Small disc-shaped pieces of tracing paper could soon be used to identify, within as little as 30 minutes, whether somebody has contracted ebola.
Researchers who have developed the technology say DNA print sequences can be embedded in the pieces of paper. They are then freeze-dried before being stored at room temperature. When reactivated in water, they will change colour from yellow to purple if a particular protein from a virus like ebola is detected.
Jim Collins of the Wyss Institute for Biologically Inspired Engineering at Harvard University told New Scientist magazine: “We’re extending the concept of litmus paper to biochemical reactions, putting the power of molecular biology onto paper. It’s actually very easy.”
The test identified the strains of ebola for which it was tested within 30 minutes. New Scientist said Collins estimated it cost just $21 (€16.50) to develop the litmus sensor which covered the cost of buying the sequences of DNA that detect the virus.
Mr Collins estimated that each slip of the detection paper could be designed and produced in about a day and would cost as little as a few cent.
The technology still needs to be refined, particularly to be able to detect low levels of molecules and ensure the rates of false positives and negatives meet the standards required for diagnostic tests.
Meanwhile, IBM has developed a system in Sierra Leone which will allow citizens to report ebola-related issues and concerns via SMS or voice calls.
“Tapping supercomputing power and analytics capabilities via the cloud, the system is able to rapidly identify correlations and highlight emerging issues across the entire data set of messages,” the company said.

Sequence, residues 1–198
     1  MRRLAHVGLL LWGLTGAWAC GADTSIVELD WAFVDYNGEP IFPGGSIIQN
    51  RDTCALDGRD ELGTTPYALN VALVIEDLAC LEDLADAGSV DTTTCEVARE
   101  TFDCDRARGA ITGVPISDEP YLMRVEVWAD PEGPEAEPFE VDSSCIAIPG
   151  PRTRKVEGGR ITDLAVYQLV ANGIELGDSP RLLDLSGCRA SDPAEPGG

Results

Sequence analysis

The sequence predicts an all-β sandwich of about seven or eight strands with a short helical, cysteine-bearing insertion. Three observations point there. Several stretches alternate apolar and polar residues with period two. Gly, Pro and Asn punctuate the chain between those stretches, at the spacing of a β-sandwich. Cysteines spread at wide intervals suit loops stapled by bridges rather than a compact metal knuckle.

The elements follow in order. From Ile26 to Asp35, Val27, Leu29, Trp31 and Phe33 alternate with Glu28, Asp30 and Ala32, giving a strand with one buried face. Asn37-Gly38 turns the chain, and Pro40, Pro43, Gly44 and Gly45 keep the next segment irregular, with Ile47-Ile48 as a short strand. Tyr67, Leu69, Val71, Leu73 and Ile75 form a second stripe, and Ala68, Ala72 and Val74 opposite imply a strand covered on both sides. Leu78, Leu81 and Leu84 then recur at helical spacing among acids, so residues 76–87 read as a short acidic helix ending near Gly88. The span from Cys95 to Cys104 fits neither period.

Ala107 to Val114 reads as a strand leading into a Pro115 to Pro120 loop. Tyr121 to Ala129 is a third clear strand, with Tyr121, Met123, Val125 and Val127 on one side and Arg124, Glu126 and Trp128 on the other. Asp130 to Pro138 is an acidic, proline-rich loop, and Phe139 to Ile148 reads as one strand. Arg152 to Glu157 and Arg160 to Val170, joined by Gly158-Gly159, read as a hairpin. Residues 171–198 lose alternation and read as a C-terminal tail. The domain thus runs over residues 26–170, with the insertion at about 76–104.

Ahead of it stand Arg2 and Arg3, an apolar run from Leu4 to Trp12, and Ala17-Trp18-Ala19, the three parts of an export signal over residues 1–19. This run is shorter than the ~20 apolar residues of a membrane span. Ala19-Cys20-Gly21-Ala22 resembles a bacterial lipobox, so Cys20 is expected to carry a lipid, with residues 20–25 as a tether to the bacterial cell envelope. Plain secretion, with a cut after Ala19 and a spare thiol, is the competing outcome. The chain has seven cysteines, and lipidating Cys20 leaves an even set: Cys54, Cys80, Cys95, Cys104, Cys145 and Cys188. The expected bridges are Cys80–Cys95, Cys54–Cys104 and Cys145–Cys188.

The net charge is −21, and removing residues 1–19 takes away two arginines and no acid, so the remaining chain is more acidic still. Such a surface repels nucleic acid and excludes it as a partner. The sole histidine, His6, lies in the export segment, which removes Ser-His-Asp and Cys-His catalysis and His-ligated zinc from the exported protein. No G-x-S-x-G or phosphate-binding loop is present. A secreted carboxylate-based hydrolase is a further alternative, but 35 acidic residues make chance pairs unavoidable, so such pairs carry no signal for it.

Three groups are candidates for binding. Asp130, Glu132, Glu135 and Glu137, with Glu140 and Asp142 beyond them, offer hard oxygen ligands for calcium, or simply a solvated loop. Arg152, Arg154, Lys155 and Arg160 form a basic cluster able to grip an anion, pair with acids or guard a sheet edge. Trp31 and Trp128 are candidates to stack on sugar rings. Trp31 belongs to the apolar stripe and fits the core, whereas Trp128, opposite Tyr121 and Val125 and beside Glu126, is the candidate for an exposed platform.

“As the SMS and voice data are location specific, IBM is able to create opinion-based heat-maps which correlate public sentiment to location information.
“For example, it has already brought to light specific regions with growing numbers of suspected ebola cases which require urgent supplies like soap and electricity, as well as faster response times for body collection and burials. The system has also highlighted issues with the diagnosis of ebola empowering the government to approach the international community to request more testing facilities and equipment.”
The system uses radio broadcasts to encourage people to get in touch and express their opinions. Cambridge University’s Africa’s Voices project has helped to develop a radio engagement model, incorporating questions into public service announcements to elicit feedback from citizens in both English and Krio — one of Sierra Leone’s most widely spoken languages.
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